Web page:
?trim: char list -> ?drop: char list -> io_tester
  val io_test_lines :
	?trim: char list -> ?drop: char list ->
	?skip_empty: bool -> ?test_line: io_tester -> io_tester
  val io_test_items :
	?split: char list -> ?trim: char list -> ?drop: char list ->
	?skip_empty: bool -> ?test_item: io_tester -> io_tester

Examples

In these examples, we grade functions that print tri, tri list and tri list list with the same tri type as previously.

type tri = Zero | One | Two

In the following examples, we don’t care about the functions output (that is always ()) so we set ~test to test_ignore.

In the first example, we want to compare the string standard outputs. We can use the predefined function io_test_equals that enables us to remove some chars (here spaces) at the beginning and the end of the compared strings using the optional argument ~trim.

let exercise_1 =
  test_function_1_against_solution
	[%ty: tri -> unit]
	"print_tri"
	~gen:0
	~test:test_ignore
	~test_stdout:(io_test_equals  ~trim:[' '])
	[Zero; One; Two]

The two next examples show how to use the predefined functions io_test_items and io_test_lines. The first one splits a string using a list of given chars as separator and compares each resulting items. The second one compares one by one each line of the given strings.

let exercise_2 =
  test_function_1_against_solution
	[%ty: tri list-> unit]
	"print_tri_list"
	~gen:3
	~test:test_ignore
	~sampler:(sample_list sample_tri)
	~test_stdout:(io_test_items ~split:[','] ~trim:[' '])
	[]

let exercise_3 =
  test_function_1_against_solution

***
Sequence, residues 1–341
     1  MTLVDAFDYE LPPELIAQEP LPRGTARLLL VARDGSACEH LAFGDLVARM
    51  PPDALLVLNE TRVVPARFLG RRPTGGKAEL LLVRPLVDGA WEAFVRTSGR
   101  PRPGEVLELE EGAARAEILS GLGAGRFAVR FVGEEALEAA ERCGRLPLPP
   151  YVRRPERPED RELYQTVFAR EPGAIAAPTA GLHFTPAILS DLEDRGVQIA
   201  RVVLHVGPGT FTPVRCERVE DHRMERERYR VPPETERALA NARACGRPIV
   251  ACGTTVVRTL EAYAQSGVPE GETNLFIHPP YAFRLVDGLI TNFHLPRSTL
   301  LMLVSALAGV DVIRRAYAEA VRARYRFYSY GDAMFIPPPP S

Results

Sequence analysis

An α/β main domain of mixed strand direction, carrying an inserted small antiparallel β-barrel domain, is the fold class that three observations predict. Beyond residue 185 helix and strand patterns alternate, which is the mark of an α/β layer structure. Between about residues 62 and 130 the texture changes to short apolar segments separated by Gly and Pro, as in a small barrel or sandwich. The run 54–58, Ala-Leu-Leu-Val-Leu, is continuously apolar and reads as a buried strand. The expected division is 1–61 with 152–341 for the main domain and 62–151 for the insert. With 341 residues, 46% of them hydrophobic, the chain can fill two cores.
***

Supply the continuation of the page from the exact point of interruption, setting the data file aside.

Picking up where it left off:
[%ty: tri list list-> unit]
	"print_tri_list_list"
	~gen:4
	~test:test_ignore
	~sampler:(sample_list (sample_list sample_tri))
	~test_stdout:(io_test_lines ~test_line:(io_test_items ~split:[','] ~trim:[' ']) ~trim:[' '])

A specific example: grading with a predicate

Here we want to grade a function by using a predicate: the output of the graded function must satisfay a given predicate. It is actually a specific use of [~test] where the comparison function between [Ok] result need to be redefined.

The first function graded is a function that generates randomly integer. We want the integer to be between 0 and 10.

let p x = if x >= 0 && x < 10 then true else false

let exercise_1 =
  test_function_1_against_solution
	[%ty: unit -> int] "rand_int"
	~gen:10
	~test:(test_eq_ok (fun x _ -> p x))
	[]

Obviously we only check here that the output integer is in the right range (but this is just a trivial example).

The second example is a function using the previous one to generate a list of integers.

let p_list l =
  (* Check all elements of the input list are in the right range*)
  let t = List.fold_left (fun a x -> a && p x) true l in
  if t then
	(* Check that there is at least two different elements *)
	let l = List.sort_uniq (Pervasives.compare) l in
	if List.length l > 1 then true else false
  else false

let exercise_2 =
  test_function_1_against_solution
	[%ty: int -> int list] "rand_list"
	~gen:0
	~test:(test_eq_ok (fun x _ -> p_list x))
	[10 ; 20]